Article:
“Return to Heartwood” Documents the Loss and Decline of Louisiana’s Oldest Live Oak Trees
The Ellender Memorial Library will host a book signing in November for the launch of a local author’s new book, “Return to Heartwood, A Search for the Heart of Live Oak Country.”
William Guion, Louisiana author and photographer, will host the event from 5 to 7 p.m., Tuesday, Nov. 15, near the display cases on the first floor. He will also be giving away a fine-art print to one book buyer.
In his newest book, Guion takes up camera and pen to document the stories and portraits of Louisiana’s oldest live oak trees before they are lost and forgotten. Over four decades, he came to understand that live oaks are an essential part of the history, culture and ecology of Louisiana and the Southern landscape. They are vital to what makes Louisiana visually distinct and culturally rich. But he also found that the oldest oaks are disappearing faster than anyone realizes, from climate change, more powerful storms, depleted soil, and unchecked development.
“I think that I shall never see/a poem as lovely as a tree. Nor a book as beautifully rendered as Bill Guion’s ‘Return to Heartwood,’” said Ken Wells, author of “Swamped,” “Gumbo Life,” and “Meely LaBauve.” “In equal measure homage and elegy, Heartwood is both a stunning visual time capsule of the ancient live oaks that grace the south Louisiana landscape and a collection of essays that poetically capture why these majestic trees are indispensable to our culture and our imaginations.”
“Return to Heartwood” is a retrospective of Guion’s journey through the heart of live oak country in search of Louisiana’s oldest live oaks. It is part autobiography, part history, and part appeal to preserve the remaining old oaks before they and their stories are lost forever. His photographs and stories take you deep into moss-draped corridors of ancient oak alleys, through fog-shrouded oak groves, and into dazzling mornings and ghostly twilights to commune with these elder trees.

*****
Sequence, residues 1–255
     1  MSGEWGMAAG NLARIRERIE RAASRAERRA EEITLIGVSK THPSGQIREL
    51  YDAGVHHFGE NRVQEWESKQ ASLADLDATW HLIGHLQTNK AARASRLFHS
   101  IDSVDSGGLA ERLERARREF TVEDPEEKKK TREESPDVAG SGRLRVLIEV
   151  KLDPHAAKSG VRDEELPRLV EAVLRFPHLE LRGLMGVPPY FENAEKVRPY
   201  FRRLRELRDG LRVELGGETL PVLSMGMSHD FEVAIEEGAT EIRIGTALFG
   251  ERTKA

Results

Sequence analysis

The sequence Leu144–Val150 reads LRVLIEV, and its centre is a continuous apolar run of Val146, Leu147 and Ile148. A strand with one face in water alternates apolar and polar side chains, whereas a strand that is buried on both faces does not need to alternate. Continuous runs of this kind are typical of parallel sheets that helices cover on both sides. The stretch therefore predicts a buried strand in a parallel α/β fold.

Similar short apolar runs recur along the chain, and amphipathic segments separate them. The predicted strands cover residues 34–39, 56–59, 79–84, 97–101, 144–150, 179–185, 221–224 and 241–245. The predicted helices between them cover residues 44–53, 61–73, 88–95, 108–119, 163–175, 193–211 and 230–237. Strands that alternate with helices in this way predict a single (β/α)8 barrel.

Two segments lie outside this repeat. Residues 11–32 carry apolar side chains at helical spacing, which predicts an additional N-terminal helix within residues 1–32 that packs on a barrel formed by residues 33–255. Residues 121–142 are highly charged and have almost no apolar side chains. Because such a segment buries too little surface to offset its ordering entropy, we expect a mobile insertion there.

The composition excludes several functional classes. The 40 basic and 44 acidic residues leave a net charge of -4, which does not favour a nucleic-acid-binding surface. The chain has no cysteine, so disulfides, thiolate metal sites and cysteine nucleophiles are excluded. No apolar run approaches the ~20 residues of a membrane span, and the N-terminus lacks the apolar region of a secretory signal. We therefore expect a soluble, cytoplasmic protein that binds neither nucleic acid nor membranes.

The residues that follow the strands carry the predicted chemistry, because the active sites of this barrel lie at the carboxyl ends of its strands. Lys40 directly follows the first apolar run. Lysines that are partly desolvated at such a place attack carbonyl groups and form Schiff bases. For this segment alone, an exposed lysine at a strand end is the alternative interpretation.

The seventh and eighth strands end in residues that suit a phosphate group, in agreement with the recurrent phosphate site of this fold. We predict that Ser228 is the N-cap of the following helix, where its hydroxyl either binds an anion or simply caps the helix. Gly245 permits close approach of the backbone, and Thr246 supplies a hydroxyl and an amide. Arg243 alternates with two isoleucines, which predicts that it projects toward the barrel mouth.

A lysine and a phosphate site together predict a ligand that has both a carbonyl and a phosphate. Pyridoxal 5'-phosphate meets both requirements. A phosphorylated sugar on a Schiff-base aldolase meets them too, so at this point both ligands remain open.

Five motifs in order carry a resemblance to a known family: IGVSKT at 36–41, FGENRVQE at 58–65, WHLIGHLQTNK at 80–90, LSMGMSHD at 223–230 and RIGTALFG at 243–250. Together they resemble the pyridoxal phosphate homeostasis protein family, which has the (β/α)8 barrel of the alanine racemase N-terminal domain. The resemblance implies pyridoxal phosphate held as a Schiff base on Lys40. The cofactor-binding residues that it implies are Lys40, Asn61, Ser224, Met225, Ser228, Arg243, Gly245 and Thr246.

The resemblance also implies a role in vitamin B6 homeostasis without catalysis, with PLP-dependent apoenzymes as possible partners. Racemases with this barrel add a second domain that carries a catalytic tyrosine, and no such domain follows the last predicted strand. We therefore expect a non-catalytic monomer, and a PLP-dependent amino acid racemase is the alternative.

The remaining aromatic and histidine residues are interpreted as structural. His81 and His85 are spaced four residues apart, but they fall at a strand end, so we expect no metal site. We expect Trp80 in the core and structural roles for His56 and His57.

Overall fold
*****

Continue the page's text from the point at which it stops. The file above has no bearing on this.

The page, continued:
“Return to Heartwood” is a beautiful hard-cover book, 10 in. by 8 in. size, 120 pages in length, with 57 black-and-white photographs paired with 55 essays. It can make a wonderful holiday gift for friends and relatives. Copies are available through Louisiana’s independent book stores and through the book’s website, www.returntoheartwood.com.
Guion has photographed the landscape and oak trees of Louisiana for more than forty years. His black-and-white and hand-colored photographs of the oaks sensitively portray the essence of the oak’s character. He describes his images as “tree portraits,” each one revealing the evasive and individual personality of each tree, alley, or grove. Through his haunting “oak portraits” and personal essays, you are transported deep into the heart of Louisiana’s misty and mysterious bayou country.
In 2006, moved by the loss of many of Louisiana’s old oaks from hurricanes, Guion focused his efforts on locating and documenting the state’s historic oaks, many of them growing before European settlement of Louisiana, before they and the human stories connected with them are lost forever. In 2016, based on this work, he received a major grant from the Lafourche Parish Office of Tourism to create the Bayou Lafourche Historic Live Oak Tour. This is his fifth book Guion’s photographs are widely collected and are contained in a variety of corporate and private collections across the U.S. as well as the permanent collections of the Louisiana Folklife Museum and the Louisiana State Museum in Baton Rouge, and the New Orleans Museum of Art.